Sunday, June 4, 2017


Sometimes the universe gives you what you need in some very unexpected ways.

Last week, I’m still aiming to please and upholding the interests of the organization in what was my second to final week in the job I’ve held for nearly 10 years. So many great things to say about the place, but one of the things that has been a source of the dip in my enthusiasm is the lack of connection I have begun to feel for some time now.  There’s buzz all around me, but no one speaking to me.  People burst into offices interrupting the boss over every type of “crisis,” but this rude and immature behavior disgusts me, and I won’t ask for attention in this way.  Consequently, I rarely get facetime.

With this predictable pattern, I don’t know why I even think twice after responses on my part to fulfill or answer several requests -- albeit simple ones -- go completely unacknowledged.  Really, why would I even notice?  I am sure it is not personal -- this person is clearly too busy even for a quick email reply of appreciation.  Hey, it happens.  Can’t be thin-skinned.  You get over it.  Besides, I’m nearly done there, right?

That evening, I decide I want a spring roll or something else small and tasty to supplement the leftover Thai food I have for dinner.  When I go to pick up the Thai Toast I have ordered from the restaurant around the corner, I am greeted by the owner and his little girl of about six who are behind the table near the cash register.  She has long black hair, is wearing a pretty pink dress and has been busy drawing thank you notes for customers.  When she earnestly compliments my hair and earrings, I thank her and tell her dad that he has a great helper there.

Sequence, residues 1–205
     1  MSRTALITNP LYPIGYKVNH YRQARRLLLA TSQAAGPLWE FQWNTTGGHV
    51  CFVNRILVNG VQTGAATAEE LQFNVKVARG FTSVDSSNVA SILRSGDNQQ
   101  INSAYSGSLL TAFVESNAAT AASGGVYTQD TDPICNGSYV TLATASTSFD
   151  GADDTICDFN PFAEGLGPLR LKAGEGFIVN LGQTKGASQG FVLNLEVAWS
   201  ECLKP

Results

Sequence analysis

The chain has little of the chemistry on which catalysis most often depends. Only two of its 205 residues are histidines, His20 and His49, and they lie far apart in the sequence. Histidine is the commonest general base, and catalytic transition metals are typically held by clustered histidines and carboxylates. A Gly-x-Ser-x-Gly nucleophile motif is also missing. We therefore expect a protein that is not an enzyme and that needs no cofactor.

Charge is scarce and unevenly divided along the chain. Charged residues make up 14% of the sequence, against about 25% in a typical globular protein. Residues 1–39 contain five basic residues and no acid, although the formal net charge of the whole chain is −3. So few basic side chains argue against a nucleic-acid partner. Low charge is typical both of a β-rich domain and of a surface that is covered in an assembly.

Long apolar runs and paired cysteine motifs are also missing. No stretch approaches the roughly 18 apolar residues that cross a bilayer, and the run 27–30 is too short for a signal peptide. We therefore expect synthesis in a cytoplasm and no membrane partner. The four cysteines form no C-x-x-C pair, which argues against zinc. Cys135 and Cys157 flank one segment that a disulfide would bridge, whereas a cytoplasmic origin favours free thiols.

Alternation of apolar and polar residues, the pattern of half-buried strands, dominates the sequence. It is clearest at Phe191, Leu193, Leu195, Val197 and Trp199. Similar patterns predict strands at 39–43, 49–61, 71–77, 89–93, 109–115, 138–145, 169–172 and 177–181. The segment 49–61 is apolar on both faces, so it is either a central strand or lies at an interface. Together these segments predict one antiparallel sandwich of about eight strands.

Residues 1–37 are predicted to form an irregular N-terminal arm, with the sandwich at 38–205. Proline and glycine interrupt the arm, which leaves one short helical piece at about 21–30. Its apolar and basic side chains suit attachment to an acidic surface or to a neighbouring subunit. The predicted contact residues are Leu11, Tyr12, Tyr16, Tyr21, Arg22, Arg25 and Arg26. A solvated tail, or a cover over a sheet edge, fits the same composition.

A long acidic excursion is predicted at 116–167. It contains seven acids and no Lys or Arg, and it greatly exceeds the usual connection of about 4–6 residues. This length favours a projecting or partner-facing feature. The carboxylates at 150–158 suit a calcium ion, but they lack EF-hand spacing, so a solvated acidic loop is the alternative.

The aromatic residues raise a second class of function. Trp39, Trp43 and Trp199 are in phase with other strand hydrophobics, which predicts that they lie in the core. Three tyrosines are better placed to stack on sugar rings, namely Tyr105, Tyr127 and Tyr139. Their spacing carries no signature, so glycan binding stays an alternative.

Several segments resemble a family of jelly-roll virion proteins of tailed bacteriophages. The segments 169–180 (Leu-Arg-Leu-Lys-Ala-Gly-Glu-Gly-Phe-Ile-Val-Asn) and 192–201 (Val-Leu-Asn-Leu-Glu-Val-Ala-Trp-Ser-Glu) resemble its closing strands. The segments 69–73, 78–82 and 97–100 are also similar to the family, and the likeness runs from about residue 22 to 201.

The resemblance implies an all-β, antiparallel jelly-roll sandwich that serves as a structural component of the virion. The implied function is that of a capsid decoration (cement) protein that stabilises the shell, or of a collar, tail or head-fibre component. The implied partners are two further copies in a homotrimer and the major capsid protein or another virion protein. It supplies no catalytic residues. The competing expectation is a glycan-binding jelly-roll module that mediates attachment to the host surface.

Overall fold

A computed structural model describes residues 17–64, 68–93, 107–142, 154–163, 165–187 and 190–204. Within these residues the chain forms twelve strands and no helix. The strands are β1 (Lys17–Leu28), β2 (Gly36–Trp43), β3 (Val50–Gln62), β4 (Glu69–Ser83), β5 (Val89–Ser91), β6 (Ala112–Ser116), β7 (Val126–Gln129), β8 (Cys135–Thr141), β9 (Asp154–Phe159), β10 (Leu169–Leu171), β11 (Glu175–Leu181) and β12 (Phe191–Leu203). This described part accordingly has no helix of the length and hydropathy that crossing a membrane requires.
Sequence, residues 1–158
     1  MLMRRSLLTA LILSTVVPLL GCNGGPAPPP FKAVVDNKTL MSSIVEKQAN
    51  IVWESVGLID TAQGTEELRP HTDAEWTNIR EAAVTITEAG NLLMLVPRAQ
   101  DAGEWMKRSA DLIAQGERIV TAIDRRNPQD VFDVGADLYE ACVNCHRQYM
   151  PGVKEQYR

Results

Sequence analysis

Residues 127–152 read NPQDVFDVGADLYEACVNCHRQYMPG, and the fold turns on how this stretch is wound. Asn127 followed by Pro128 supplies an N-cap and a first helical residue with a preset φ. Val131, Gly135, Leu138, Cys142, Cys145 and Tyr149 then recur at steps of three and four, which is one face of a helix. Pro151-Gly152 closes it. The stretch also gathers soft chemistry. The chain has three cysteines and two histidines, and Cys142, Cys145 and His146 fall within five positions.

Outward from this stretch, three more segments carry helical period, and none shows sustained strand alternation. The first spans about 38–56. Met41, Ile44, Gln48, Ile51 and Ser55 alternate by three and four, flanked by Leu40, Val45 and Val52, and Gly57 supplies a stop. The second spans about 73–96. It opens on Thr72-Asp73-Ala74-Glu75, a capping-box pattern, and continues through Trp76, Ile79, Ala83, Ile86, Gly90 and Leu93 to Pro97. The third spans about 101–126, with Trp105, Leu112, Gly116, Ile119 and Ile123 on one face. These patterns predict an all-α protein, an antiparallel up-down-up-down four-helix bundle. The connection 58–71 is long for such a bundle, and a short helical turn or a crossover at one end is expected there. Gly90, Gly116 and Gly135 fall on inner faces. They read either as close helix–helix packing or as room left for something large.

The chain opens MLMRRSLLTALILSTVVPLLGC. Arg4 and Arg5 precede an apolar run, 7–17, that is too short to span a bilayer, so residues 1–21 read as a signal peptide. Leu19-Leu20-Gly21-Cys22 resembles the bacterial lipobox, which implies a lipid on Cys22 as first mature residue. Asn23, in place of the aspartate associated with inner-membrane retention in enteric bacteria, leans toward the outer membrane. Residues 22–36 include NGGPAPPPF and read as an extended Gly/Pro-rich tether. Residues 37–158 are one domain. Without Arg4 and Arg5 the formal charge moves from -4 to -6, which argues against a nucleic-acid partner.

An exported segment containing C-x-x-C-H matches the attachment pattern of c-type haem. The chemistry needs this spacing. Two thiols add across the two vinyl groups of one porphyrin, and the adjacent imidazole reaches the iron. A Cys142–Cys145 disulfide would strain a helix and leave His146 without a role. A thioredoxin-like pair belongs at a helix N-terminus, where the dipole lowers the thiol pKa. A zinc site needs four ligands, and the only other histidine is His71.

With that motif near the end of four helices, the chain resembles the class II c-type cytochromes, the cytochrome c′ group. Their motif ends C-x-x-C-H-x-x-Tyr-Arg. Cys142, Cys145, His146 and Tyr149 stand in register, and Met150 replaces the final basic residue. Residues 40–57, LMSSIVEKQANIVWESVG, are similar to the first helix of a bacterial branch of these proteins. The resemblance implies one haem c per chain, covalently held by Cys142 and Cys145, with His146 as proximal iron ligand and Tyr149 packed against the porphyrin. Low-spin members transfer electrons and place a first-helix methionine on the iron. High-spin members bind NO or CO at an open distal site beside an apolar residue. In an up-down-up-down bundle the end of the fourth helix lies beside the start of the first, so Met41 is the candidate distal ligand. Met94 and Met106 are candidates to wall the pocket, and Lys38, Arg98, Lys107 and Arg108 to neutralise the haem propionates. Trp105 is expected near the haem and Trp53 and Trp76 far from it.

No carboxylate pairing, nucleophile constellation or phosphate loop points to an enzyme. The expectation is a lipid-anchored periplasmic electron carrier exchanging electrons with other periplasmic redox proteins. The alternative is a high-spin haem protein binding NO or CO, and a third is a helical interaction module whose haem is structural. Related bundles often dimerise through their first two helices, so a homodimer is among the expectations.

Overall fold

As I reach for my wallet, she hands me one of the thank you notes she has been cheerfully drawing on full sized pink construction paper with colored markers, complete with hand-drawn hearts and wrapped mints taped to the bottom.  I am truly touched and I thank her -- it’s absolutely adorable. As I take my change, I offer to give it back so she can give the sweet note to someone else later.  Crestfallen, her face begins to crumble, and I know immediately I have made a mistake.  But she knows better and looks back at me with determined sincerity, and says firmly:  “No, I want you to have it.”  And of course, I take it gratefully without hesitation.   And when I do, we both break into huge smiles.  

Sunday, May 7, 2017

Welcoming Spring


April.  Such a beautiful month. Tulips of every hue replace the subtle colors of daffodils, and everywhere the palate of spring unfolds. Redbud trees burst with purple spuds, while dogwoods bring forth their elegant white and pink glory, and the bright yellow goldfinches return to the thistle feeder.  Jordan was born on April 4, and I will always remember with vivid clarity the beauty and wonder that Mother Nature had gifted us with on the drive home a few days later with my new baby.  An exquisite time to be born and for remembrance every year.